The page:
Boeing 777 model
Boeing Chairman James McNerney (L) shows United Arab Emirates' Prime Minister and Ruler of Dubai Sheikh Mohammed bin Rashid al-Maktoum (2nd R) a model of the new version of its 777 long-haul jet during the Dubai Airshow on Nov. 17, 2013. Reuters

Since the Boeing Company’s (NYSE:BA) proposal to build key parts of its new jet, the 777X, in Seattle fell through, the company has received offers from more than a dozen cities around the world for the project, and the aircraft manufacturer hopes to finalize a site by early next year, a company spokesperson said on Saturday.

States such as California, Texas, Alabama, Missouri, South Carolina and Utah are vying to grab the deal, which would provide long-term employment for thousands of workers in the location that the company picks to build its new plane. Washington State lost the project after the company’s main workers’ union rejected a contract on Nov. 13 due to disagreements over retirement benefits.

Boeing spokesman Doug Alder said Boeing expects to receive all the proposals to build the 777X parts within a few weeks, Associated Press reported, but he declined to reveal the company’s criteria in choosing a location.

Alder said the company is not considering renegotiating the work contract with the International Association of Machinists and Aerospace Workers who voted against the proposal, although Washington State officials remain keen on competing with other bidders.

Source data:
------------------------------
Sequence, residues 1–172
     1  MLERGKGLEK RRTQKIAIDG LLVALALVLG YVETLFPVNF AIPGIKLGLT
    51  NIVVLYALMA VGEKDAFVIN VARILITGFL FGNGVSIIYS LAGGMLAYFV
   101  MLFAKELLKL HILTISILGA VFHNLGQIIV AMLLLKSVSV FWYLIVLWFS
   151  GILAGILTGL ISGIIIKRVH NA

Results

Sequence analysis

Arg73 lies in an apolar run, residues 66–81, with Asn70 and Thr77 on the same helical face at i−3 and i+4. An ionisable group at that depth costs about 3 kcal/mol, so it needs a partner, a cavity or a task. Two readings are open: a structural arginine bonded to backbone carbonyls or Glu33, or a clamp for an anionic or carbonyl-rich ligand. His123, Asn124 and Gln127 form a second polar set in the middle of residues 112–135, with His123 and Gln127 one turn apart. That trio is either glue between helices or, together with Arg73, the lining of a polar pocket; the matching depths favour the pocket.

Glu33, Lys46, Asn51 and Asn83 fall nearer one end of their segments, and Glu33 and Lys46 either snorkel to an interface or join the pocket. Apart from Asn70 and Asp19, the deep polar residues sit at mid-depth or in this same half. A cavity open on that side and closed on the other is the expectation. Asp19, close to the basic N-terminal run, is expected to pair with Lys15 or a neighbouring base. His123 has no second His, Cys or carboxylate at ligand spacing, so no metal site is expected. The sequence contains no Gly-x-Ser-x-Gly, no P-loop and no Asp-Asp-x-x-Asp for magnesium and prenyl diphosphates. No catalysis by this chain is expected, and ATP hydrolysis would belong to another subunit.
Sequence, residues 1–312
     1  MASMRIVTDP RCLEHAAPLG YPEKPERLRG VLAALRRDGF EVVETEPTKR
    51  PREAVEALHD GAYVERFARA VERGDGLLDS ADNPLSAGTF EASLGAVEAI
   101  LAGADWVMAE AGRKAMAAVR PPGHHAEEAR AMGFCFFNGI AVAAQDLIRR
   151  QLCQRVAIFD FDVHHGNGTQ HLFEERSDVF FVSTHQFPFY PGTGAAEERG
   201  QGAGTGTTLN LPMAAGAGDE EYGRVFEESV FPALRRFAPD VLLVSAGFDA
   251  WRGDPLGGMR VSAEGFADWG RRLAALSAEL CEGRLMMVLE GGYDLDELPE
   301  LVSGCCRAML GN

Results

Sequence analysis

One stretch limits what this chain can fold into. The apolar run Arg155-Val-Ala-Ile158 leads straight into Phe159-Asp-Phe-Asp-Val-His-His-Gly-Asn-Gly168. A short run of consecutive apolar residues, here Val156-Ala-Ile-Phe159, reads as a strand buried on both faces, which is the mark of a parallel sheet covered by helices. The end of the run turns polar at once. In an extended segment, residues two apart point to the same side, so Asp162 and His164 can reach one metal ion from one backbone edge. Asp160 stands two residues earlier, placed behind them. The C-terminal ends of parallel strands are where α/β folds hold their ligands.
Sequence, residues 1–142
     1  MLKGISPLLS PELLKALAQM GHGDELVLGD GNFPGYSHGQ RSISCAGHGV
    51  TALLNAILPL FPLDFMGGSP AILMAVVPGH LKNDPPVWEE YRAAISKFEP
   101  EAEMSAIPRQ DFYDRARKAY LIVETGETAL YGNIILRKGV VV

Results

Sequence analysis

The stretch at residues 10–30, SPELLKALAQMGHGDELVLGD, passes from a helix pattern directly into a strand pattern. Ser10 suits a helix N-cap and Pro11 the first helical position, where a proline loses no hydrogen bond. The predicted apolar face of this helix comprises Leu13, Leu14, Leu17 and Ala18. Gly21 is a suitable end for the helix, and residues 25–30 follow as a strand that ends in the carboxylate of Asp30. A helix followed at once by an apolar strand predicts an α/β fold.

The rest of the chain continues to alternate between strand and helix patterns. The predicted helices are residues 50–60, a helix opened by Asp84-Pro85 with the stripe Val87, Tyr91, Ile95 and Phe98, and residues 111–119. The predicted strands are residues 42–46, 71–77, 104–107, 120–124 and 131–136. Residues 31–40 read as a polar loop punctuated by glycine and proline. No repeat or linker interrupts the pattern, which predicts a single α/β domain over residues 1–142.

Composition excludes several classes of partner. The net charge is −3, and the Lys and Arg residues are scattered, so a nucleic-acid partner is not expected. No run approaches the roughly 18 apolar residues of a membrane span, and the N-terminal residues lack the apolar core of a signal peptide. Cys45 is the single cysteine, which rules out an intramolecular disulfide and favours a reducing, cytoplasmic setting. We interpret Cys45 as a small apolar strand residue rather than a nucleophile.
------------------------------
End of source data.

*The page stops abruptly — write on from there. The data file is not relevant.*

The state legislature had passed a measure on Nov. 9 to extend nearly $9 billion in tax breaks for Boeing in a bid to win the project, and according to David Postman, a spokesman for Washington Gov. Jay Inslee, “that’s going to be stressed strongly in whatever we do going forward,” AP reported.

While some reports have mentioned that Boeing could consider moving the project out of the U.S., to Europe, Japan or the Middle East, Dubai-based Emirates Airline, which is the biggest customer for the 777X family of two long-range jets, has reportedly pressed Boeing to build all the parts for the new aircraft in the U.S., to avoid the kind of problems that has bothered the 787 Dreamliner.

However, this argument has since been brought into question after Boeing, on Saturday, alerted its customers that Dreamliner engines produced by the U.S. giant, General Electric Company (NYSE:GE), could face potential icing problems when operating in certain weather conditions.

Following the alert, Japan Airlines Co Ltd (TYO:9201) pulled its Boeing 787 Dreamliner planes from two international routes even as Fairfield, Conn.-based GE is trying to come up with a solution. On the other hand, customers of aircraft using 787 engines made by British maker, Rolls-Royce Holding PLC (LON:RR), have not been affected, according to Bloomberg.